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35+ years as a private investor, college finance/economics adjunct lecturer, corporate project engineer and business development strategist, individual and small business tax preparation. Corporate experience in communications and energy BS Mechanical Engineering - Carnegie Mellon University MBA... More
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  • The Great Investors Are Always On The Job

    Everyday information overloads the left brain. The DIY investor must synthesize all that data using a detective-like style; knocking on doors, pursuing leads, following up with interviews and verifying the claims that are made. Using that everyday data, refining it down to investment information, a true investor is always on the job.

    Example: When Sam Walton decided to expand Walmart's reach into a new territory, he would hop into his airplane and take a look at the traffic patterns of the area where he was considering to erect his next store, from the air. He coveted simple everyday information and was always "on the investment job." When he vacationed with his family, he visited as many retailers as he could, not just his competition, but all retailers, looking for ideas to transplant (a euphemism for legal theft) into his own stores. They included parking lot layouts, in-store traffic patterns, kiosk layouts down the larger aisles and which impromptu, salable items to display to the impulse buyers as they waited in line to complete their transactions at the store. The great investors are always on the clock, observing, informally interviewing managers and listening to, and questioning, the patrons of the business.

    Wall Street analysts, the Business newspapers, the Business cable networks and the investor message boards are not the only venues for garnering investment ideas. Talk to and listen to your family, your friends and neighbors about their experiences, their jobs, their school work, their hobbies and especially where they spend their money.

    Peter Lynch, the Fidelity investment manager who ran the flagship Magellan Fund, received some of his best investment advice from his wife and three daughters. After a trip to the mall, Lynch would casually quiz them on where their best retail experiences occurred, but he did not stop there. He would follow up with a visit to the company, where he and his cohorts would interrogate the senior management as if they were applying for a job in Lynch's portfolio at the Magellan Fund.

    So next time you are at a barbecue with the neighbors and family, get that little black detective's book out and seek out your next best investment idea.

    Disclosure: I have no positions in any stocks mentioned, and no plans to initiate any positions within the next 72 hours.

    Jun 07 3:09 PM | Link | Comment!
  • Investing Is A Do It Yourself Art

    For a while there was this bit of unconventional investment wisdom out there that defied conservative diversification of one's assets. It was a slight modification of an old hackneyed expression. "It is OK to put all of your eggs in one basket, as long as you watch that basket very closely."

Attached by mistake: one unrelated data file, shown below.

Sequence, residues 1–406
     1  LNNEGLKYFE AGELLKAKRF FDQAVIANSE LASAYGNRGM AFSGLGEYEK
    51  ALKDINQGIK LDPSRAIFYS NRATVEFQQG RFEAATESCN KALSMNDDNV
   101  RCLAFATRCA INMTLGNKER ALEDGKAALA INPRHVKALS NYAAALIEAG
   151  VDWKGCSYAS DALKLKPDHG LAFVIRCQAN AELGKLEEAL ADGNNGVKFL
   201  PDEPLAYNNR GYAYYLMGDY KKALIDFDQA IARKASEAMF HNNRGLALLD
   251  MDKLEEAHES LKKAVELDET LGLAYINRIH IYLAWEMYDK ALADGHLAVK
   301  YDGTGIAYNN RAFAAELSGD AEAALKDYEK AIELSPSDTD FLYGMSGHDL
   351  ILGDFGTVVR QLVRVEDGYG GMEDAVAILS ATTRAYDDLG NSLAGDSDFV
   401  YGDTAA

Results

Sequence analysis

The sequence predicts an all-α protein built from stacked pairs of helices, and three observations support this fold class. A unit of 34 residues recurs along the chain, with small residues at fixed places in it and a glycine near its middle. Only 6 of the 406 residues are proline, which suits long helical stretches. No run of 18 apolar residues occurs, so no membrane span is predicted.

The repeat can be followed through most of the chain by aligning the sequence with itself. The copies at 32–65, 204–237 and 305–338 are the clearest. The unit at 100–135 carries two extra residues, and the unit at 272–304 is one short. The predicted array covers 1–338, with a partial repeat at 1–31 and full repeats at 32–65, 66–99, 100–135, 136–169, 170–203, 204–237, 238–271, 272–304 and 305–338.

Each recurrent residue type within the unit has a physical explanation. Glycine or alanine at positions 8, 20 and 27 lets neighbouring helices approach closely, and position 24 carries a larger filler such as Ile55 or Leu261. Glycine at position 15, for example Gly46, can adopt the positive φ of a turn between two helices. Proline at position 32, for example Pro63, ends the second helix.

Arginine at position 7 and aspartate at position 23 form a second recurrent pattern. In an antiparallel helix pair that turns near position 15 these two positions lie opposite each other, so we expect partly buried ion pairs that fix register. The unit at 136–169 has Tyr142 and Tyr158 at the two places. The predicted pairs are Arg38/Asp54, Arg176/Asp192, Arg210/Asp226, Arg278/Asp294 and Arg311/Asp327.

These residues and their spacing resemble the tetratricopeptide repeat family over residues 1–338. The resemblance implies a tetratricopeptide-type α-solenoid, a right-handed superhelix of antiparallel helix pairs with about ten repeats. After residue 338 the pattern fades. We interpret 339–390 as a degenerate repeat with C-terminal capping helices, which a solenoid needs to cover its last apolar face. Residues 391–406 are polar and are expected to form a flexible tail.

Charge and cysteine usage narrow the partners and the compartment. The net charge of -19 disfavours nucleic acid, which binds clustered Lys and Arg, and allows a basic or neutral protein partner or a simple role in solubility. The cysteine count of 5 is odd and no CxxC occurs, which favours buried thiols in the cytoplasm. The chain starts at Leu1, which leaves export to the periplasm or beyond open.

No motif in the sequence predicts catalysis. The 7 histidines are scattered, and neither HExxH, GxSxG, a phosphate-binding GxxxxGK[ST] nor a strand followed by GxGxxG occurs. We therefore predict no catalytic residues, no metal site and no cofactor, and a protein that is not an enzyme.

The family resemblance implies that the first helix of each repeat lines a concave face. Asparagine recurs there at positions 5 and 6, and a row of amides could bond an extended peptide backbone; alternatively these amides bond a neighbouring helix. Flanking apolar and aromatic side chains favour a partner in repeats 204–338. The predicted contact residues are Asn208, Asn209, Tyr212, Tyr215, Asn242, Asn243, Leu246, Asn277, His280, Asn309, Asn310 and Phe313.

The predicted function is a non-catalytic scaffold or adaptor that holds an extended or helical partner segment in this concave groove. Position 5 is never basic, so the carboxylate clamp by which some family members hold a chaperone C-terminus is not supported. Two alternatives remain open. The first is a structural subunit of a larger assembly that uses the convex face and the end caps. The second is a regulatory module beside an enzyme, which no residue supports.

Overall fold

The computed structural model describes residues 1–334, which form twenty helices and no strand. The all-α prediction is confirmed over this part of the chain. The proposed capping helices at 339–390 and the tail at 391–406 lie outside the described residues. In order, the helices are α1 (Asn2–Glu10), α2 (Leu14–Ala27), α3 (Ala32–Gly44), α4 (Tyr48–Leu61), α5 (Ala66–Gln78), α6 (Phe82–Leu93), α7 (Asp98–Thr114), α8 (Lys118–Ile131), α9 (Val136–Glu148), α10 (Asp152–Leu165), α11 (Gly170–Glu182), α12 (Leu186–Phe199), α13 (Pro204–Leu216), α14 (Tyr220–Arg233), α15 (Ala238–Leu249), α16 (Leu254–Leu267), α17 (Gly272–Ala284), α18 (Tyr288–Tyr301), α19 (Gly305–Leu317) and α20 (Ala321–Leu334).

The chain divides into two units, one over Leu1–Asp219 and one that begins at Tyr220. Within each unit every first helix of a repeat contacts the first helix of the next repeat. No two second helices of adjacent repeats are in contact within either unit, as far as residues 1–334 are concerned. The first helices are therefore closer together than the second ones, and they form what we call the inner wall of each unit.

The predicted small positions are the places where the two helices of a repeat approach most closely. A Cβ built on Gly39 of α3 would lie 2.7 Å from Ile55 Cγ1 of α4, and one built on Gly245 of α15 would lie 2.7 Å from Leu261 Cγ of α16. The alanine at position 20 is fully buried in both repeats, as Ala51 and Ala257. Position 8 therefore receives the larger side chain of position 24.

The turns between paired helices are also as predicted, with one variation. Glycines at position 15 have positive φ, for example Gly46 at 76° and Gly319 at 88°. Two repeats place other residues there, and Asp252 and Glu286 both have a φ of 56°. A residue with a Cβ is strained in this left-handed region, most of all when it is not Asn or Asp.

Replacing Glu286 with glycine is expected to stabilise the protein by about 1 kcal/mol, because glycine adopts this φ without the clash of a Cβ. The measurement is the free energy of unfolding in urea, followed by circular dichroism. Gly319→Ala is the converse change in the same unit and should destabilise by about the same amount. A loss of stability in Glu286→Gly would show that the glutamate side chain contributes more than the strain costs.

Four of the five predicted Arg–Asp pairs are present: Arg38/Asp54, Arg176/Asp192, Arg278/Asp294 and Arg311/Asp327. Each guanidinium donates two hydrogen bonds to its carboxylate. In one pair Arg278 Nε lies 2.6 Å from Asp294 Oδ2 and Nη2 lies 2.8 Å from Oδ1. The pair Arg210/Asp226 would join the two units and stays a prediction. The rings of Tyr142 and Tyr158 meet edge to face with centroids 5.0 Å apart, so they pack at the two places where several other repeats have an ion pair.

Well, that is as imprudent as the conventional diversification strategy it aims to counter.

    Investing is an art, not a science, especially when you are dealing with an imbalanced table that is referred to as "the Street."

    The herd instinct prevails in investing; bonuses are paid on how well one does against the averages and the averages are determined by the big money that follows that herd instinct.

    Take a look at an investment theory/methodology offered in a book entitled "The Intuitive Investor." It is written by Jason Apollo Voss, who also has a website where he blogs about his theory.

    There is no magic formula, no shortcut to wealth, no gurus, no reliable patterns as the technicians claim. You have to watch the charts and listen to the gurus because they do motivate others to act in certain ways and that moves markets. That does not mean you have to believe in them.

    I do believe in a few precepts, the biggest one espoused by J.P. Morgan, whose family is buried a few miles from here on the edge of Hartford, CT.

    His statement, which really was an observation when he coined it was "I made a fortune being early." I do believe in both being early in and early out. The greedy can take the last ten or twenty percent.....and I want to be in before the herd arrives so I can be watching and not acting when things get frenetic.

    An example:

    I made money in Enron. I sold it when things got ridiculously priced and there was hype everywhere. When I saw them trying to monetize futures in bandwidth, I knew something was inherently wrong. So I sold in the summer of 2000 and I was really angry with myself when I saw the price continue to rise substantially after I sold. But I stuck to my intuition, which like anything else, is learned.

    I do not consider myself anywhere near the level of the investing mavens that appear on this and other boards, but I do adhere to my "intuitive experience" of thirty five years, observing the moves in stocks, bonds, commodities and currencies.

    You should study your own "self" the most, how you react to situations, gains, losses, mistakes, surprises, etc.. Listen to others, even the elitists that seem to think they know everything, but RELY on yourself only.

    Jun 06 4:01 PM | Link | 2 Comments
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